Put your money in a safer haven, which is not in a large, US bank and not a US stock broker, often tied closely to US banks. Diversify a portion of your investments in a safe, legal, offshore account in one of the safest banks on the globe.
4. Decrease Vulnerability
Never put all of your eggs in one basket. If you do, you significantly increase your chances of losing your money and investments. If you are in an occupation where you may be sued at any time, it is a good idea to move some assets to a safe place where they cannot be connected to you. If you are married, if you are single and have a family or if you are just a progressive thinker, putting money offshore is a very smart way to minimize your financial vulnerability.
Don’t forget, although we love and care for our family members, that does not mean that we need to use our inheritance to pay off all of their debts once they pass on. The surviving family members are responsible for paying for a deceased loved-ones’ debts. Allocating family money in an offshore account, held by an offshore trust, can shield you birthright from being wiped out after the death of a loved one.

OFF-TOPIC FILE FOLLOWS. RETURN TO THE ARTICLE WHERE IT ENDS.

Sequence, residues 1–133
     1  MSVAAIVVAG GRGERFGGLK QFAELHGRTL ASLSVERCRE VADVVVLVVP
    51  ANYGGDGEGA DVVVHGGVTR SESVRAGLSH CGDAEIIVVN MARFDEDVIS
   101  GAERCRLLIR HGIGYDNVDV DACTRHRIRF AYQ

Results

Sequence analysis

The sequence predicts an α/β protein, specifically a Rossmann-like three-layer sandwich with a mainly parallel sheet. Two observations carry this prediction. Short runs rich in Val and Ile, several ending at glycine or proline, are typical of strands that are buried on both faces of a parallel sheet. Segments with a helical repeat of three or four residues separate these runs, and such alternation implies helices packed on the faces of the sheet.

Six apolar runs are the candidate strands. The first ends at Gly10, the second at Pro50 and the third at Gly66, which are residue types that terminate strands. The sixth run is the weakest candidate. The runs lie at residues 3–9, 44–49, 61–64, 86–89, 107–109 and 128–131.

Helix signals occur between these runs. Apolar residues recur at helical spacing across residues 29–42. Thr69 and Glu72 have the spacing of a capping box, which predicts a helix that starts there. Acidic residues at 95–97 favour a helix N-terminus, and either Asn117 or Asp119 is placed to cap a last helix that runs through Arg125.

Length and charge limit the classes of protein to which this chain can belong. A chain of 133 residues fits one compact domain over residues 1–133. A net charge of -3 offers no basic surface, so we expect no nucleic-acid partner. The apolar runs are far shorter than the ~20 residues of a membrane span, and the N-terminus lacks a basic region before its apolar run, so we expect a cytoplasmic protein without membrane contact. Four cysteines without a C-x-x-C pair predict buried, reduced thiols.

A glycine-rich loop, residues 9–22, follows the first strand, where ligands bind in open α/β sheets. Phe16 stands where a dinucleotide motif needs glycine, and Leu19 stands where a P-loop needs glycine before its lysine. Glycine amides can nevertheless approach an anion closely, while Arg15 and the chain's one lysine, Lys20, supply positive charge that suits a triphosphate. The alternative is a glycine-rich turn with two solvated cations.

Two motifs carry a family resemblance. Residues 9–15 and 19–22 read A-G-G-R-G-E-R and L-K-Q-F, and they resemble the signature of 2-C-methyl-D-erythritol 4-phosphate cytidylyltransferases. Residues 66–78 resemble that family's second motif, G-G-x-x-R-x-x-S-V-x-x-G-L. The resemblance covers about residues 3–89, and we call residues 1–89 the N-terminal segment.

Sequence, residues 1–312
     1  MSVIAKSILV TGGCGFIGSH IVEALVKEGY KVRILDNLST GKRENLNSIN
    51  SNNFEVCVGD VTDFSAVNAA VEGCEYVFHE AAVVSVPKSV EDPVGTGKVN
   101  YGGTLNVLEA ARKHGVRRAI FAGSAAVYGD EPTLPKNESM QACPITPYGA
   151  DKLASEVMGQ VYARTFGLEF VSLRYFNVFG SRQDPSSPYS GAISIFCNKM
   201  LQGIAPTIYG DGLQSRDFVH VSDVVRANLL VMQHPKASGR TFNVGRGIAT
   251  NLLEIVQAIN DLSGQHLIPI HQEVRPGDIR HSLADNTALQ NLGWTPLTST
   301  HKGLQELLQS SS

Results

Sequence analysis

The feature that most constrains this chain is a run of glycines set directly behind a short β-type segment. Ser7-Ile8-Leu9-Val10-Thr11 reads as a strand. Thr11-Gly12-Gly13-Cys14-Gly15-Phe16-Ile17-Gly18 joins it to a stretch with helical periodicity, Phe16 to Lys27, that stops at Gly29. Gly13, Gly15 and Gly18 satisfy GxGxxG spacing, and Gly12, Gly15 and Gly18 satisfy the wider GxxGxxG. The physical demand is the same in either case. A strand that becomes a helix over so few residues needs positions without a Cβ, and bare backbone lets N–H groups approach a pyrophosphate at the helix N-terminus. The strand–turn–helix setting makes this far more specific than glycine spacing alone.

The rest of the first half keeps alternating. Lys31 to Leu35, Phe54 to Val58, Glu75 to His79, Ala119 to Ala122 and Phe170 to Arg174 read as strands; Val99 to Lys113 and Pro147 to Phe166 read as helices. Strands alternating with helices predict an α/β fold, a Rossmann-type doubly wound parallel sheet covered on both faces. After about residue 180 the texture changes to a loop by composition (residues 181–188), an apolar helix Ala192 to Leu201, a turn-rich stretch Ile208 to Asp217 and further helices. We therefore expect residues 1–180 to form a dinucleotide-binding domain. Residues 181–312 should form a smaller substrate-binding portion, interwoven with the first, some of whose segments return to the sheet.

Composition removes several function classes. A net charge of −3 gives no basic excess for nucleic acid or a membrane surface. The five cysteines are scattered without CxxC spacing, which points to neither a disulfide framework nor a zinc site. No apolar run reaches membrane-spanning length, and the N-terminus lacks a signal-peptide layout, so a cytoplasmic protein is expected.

5. Peace of Mind
Do not go down with a sinking ship.
Doug Casey, financial author and free-market economist made the keen parallel between the (fall of the) US and the fall of the Roman Empire. Casey said, “We can’t evade the second law of thermodynamics, which holds that entropy conquers everything and that over time all systems degrade and wind down. And that the more complex a system becomes, the more energy it takes to maintain it. The larger and more complex, interconnected, and interdependent it becomes, the more prone it is to breakdown and catastrophic failure. That includes countries and civilizations.”